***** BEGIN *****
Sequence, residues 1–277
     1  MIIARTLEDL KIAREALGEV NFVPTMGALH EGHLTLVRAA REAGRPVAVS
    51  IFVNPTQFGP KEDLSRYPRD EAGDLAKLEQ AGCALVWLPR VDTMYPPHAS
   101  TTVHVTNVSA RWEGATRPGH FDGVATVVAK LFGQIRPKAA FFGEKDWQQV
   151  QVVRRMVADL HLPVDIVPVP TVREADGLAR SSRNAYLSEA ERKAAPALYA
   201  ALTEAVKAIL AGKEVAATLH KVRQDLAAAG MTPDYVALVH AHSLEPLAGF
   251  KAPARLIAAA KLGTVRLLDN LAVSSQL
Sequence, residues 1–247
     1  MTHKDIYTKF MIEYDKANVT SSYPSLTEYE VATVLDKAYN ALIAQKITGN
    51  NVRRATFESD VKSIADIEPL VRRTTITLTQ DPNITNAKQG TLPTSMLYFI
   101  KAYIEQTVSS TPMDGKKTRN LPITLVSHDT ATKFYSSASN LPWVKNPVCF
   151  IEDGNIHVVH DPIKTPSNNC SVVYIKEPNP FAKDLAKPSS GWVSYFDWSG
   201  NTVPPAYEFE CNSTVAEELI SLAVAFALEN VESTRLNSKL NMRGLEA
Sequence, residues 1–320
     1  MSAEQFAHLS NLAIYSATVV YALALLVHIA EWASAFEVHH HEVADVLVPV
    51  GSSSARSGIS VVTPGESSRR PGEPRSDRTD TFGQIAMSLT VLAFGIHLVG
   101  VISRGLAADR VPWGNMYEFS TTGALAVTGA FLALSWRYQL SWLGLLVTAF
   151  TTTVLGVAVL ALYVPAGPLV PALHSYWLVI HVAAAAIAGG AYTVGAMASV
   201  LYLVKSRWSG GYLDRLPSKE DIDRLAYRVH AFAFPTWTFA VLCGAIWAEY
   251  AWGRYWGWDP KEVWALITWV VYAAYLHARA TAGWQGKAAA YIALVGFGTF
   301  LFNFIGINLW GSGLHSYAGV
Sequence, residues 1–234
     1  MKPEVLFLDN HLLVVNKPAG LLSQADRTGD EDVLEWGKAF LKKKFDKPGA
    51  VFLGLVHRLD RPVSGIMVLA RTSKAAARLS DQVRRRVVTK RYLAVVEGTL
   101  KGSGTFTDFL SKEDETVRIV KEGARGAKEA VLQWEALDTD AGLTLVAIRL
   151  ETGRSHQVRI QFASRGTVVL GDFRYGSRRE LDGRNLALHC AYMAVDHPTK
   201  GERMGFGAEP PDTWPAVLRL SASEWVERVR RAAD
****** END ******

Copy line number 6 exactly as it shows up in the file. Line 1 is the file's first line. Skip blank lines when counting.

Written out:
   201  ALTEAVKAIL AGKEVAATLH KVRQDLAAAG MTPDYVALVH AHSLEPLAGF